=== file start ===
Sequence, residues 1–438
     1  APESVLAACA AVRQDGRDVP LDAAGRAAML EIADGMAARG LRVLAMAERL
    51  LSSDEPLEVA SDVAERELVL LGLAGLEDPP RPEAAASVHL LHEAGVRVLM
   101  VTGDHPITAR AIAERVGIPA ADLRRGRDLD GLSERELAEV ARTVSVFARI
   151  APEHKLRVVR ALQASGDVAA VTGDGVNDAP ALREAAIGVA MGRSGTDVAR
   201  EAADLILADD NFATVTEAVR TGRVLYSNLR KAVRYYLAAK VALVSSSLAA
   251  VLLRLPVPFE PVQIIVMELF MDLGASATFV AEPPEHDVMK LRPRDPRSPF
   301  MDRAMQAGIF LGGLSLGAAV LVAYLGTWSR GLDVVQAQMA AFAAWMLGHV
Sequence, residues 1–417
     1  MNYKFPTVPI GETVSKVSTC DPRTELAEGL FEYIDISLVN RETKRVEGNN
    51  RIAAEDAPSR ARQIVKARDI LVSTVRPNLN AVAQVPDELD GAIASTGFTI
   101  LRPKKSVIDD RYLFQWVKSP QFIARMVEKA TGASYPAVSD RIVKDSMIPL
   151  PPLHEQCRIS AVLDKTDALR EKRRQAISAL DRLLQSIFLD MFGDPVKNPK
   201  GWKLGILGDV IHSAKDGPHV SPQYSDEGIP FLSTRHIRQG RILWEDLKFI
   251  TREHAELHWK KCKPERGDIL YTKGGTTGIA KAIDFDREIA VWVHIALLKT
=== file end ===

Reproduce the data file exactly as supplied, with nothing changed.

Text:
Sequence, residues 1–438
     1  APESVLAACA AVRQDGRDVP LDAAGRAAML EIADGMAARG LRVLAMAERL
    51  LSSDEPLEVA SDVAERELVL LGLAGLEDPP RPEAAASVHL LHEAGVRVLM
   101  VTGDHPITAR AIAERVGIPA ADLRRGRDLD GLSERELAEV ARTVSVFARI
   151  APEHKLRVVR ALQASGDVAA VTGDGVNDAP ALREAAIGVA MGRSGTDVAR
   201  EAADLILADD NFATVTEAVR TGRVLYSNLR KAVRYYLAAK VALVSSSLAA
   251  VLLRLPVPFE PVQIIVMELF MDLGASATFV AEPPEHDVMK LRPRDPRSPF
   301  MDRAMQAGIF LGGLSLGAAV LVAYLGTWSR GLDVVQAQMA AFAAWMLGHV
Sequence, residues 1–417
     1  MNYKFPTVPI GETVSKVSTC DPRTELAEGL FEYIDISLVN RETKRVEGNN
    51  RIAAEDAPSR ARQIVKARDI LVSTVRPNLN AVAQVPDELD GAIASTGFTI
   101  LRPKKSVIDD RYLFQWVKSP QFIARMVEKA TGASYPAVSD RIVKDSMIPL
   151  PPLHEQCRIS AVLDKTDALR EKRRQAISAL DRLLQSIFLD MFGDPVKNPK
   201  GWKLGILGDV IHSAKDGPHV SPQYSDEGIP FLSTRHIRQG RILWEDLKFI
   251  TREHAELHWK KCKPERGDIL YTKGGTTGIA KAIDFDREIA VWVHIALLKT